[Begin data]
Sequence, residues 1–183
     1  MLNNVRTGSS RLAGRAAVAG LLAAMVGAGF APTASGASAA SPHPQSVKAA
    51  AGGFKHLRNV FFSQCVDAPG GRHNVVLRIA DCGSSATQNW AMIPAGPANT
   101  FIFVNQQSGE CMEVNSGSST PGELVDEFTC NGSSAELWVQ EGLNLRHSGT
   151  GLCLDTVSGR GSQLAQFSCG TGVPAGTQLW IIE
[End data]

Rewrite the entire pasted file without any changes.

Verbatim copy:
Sequence, residues 1–183
     1  MLNNVRTGSS RLAGRAAVAG LLAAMVGAGF APTASGASAA SPHPQSVKAA
    51  AGGFKHLRNV FFSQCVDAPG GRHNVVLRIA DCGSSATQNW AMIPAGPANT
   101  FIFVNQQSGE CMEVNSGSST PGELVDEFTC NGSSAELWVQ EGLNLRHSGT
   151  GLCLDTVSGR GSQLAQFSCG TGVPAGTQLW IIE